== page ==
We seem to be in the grip of a data breach epidemic. Whether it's big businesses falling victim to cyber-espionage campaigns, workers foolishly handing over their credentials in reply to phishing emails from fraudsters, or just consumers getting their PCs infected with malware, there are security threats everywhere.
But the reality is that it doesn't have to be this way: with a few simple precautions, businesses and consumers can do a lot to secure their accounts and data.
Strong passwords, two factor authentication, antivirus, and backups are just some of the simple things users can employ to protect themselves from cyberattacks -- yet breaches and malware infections show that some of the most basic advice is often not followed.
"We pretend this is the most complicated thing in the world, and yet strong passwords, backing up your data, updating your security software -- security isn't that difficult," said Raj Samani, chief scientist at McAfee.
The UK's National Health Service was one of the most high-profile victims of May's global WannaCry ransomware virus outbreak, with a proportion of hospitals taken offline -- some of which didn't have systems restored for weeks.
An investigation following the incident found that NHS trusts had been warned to apply critical patches to prevent systems being exposed to the EternalBlue Windows vulnerability which WannaCry used, but that many failed to do so. Of course, nobody knew that just a month following the warnings that WannaCry would hit, but failing to patch systems left many organisations open to attack.
"If I'd come to you in April and said there's going to be a massive worm, it's going to be infecting with ransomware, how do you protect yourself against it? Everyone knows how to protect against that," said Samani, referring to how patches would have been prioritised.
"I understand there are business pressures which are that patching and updating systems isn't necessarily simple to do, but yet we all know how to have prevented these attacks, so let's not over-complicate the issue," said Samani.
Making security your problem
What can potentially help is to personalise the issue: it's all very well telling users that they should follow a particular company policy in order to ensure security, but in many cases, if the user doesn't understand why they have to follow a particular rule, they probably won't do it.
Explaining what threats could be waiting online and how to protect against them can go a long way towards boosting enterprise security.
"Someone going into a work event and learning about why it's important to have a strong password on their email or why not to transfer money when booking a holiday, all these best practices they learn for themselves become second nature in the business," said Sarah Martinez, communications director for Get Safe Online, an organisation which provides information and advice on online safety.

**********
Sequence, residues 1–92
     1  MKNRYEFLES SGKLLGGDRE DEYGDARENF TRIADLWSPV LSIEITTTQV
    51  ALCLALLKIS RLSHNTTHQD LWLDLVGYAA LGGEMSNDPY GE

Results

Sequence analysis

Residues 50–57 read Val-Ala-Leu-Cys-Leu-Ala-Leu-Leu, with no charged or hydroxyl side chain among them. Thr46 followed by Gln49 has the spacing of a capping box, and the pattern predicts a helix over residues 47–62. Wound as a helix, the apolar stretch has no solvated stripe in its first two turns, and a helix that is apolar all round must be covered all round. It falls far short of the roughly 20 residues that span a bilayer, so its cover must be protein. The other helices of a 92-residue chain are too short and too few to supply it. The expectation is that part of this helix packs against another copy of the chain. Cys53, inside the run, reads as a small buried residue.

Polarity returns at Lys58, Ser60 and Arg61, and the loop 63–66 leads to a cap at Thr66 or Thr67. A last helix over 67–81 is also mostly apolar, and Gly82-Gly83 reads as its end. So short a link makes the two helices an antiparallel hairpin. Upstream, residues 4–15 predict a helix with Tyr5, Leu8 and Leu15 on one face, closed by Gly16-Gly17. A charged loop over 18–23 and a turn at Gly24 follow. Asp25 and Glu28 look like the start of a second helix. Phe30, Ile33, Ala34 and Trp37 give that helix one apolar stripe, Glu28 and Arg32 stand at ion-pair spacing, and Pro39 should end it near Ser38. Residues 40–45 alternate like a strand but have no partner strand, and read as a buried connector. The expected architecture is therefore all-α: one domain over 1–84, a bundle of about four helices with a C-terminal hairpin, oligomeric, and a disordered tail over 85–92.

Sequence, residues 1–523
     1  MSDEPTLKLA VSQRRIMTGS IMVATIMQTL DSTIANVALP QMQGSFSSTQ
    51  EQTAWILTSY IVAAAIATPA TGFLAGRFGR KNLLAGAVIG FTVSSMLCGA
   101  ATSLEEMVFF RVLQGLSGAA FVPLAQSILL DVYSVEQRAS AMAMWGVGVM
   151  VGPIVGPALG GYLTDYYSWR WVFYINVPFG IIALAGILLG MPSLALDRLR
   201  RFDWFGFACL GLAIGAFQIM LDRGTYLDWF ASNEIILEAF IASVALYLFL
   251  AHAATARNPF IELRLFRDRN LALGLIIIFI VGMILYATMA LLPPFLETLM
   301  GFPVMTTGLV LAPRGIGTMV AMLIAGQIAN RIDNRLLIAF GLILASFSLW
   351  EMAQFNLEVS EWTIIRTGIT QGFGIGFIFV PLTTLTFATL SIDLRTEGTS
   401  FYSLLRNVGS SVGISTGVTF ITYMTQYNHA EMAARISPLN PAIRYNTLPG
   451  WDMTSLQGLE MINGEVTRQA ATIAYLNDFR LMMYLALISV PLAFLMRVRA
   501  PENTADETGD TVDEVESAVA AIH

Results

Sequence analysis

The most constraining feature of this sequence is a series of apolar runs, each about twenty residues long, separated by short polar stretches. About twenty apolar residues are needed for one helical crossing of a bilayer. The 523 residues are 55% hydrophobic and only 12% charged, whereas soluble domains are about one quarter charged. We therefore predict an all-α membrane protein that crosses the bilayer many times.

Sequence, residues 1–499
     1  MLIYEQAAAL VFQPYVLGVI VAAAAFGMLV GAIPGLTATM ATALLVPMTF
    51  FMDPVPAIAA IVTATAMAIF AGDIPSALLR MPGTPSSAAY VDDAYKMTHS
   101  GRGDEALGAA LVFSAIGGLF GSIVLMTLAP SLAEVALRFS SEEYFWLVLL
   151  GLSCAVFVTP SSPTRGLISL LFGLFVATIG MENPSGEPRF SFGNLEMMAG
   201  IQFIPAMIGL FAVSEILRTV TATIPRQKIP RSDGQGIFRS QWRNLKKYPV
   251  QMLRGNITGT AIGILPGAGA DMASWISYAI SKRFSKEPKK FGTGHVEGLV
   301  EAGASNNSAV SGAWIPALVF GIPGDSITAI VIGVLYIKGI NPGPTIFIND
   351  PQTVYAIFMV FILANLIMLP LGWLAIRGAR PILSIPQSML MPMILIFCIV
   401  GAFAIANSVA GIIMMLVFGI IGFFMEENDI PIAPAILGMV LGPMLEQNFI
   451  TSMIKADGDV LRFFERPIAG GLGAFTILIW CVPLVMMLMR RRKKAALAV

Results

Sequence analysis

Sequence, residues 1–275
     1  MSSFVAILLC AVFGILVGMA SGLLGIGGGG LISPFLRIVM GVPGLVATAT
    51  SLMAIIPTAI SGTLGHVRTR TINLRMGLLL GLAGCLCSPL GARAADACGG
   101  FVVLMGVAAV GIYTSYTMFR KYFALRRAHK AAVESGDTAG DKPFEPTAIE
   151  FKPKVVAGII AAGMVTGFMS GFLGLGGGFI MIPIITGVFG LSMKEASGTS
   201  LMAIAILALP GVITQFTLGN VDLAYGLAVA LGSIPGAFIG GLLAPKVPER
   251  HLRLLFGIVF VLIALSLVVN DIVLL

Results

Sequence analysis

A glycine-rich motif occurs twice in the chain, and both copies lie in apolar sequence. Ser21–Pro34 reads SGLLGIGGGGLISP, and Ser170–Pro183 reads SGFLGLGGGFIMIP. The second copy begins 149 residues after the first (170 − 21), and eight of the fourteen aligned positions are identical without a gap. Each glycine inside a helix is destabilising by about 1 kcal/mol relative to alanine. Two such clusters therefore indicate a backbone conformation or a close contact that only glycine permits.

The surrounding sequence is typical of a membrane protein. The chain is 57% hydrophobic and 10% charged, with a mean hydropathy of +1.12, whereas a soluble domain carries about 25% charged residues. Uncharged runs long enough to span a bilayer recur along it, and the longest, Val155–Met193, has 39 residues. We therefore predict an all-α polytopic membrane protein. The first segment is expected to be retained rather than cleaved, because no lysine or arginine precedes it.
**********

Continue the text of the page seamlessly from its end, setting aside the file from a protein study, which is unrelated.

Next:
And while some might expect digital-native technically-savvy younger people will bring better security awareness with them as they become a bigger part of the workforce, research by Get Safe Online suggests it's people aged 18-24 who are most likely to fall victim to phishing attacks.
The organisation recently ran a 'training academy' in which it taught grandparents the skills they needed to carry out phishing tests on their grandchildren -- and by just using simple techniques, many of the targets fell for it.
While it wasn't a real cybercriminal on the other end of the email exchange, it demonstrates how easy it can be to fall for a cyberattack, especially if basic security principles aren't adhered to.
"It was cheeky, but the idea was to demonstrate we can't be complacent and think we're not at risk. This was easy: it was first-page Google search tech which we showed 65-year-olds," said Martinez.
This 'Scammer Nanas' experiment demonstrated two things: firstly, how easy it is for fall victim to online attacks, and secondly how people with only the most basic training -- even if it is cribbed from an online search -- are capable of ensnaring victims.
And while the premise of using grandparents as attackers might seem far-fetched, thanks to the rise of cybercrime-as-a-service, almost anyone who wants to dip their toes into hacking and online crime has the option to do so, even if they lack the skills.
"The challenge we have now is that my 12-year old daughter could launch a ransomware campaign," said Samani. "The technical barriers required to become a criminal working in the digital world has actually lowered."
"That's the challenge; we want to make it difficult from an ROI perspective, but the economy has made it so much simpler to do this," he added.
Ensuring that even the most basic cybersecurity procedures are adhered to the theory is that not only would it help to protect individuals and organisations against attacks, but even simple barriers could prove enough to stop some cybercriminals from conducting malicious activities because the time and effort required to conduct the attacks is no longer worth it.
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READ MORE ON CYBERSECURITY
- Online security 101: Tips for protecting your privacy from hackers and spies
- Internet of Things security woes: Can smarter consumers save the IoT from disaster?
- Darknet 101: Your guide to the badlands of the internet [CNET]
- After WannaCry ransomware attack, the NHS is toughening its cyber defences
- Security experts: Every business should have a security and encryption policy [TechRepublic]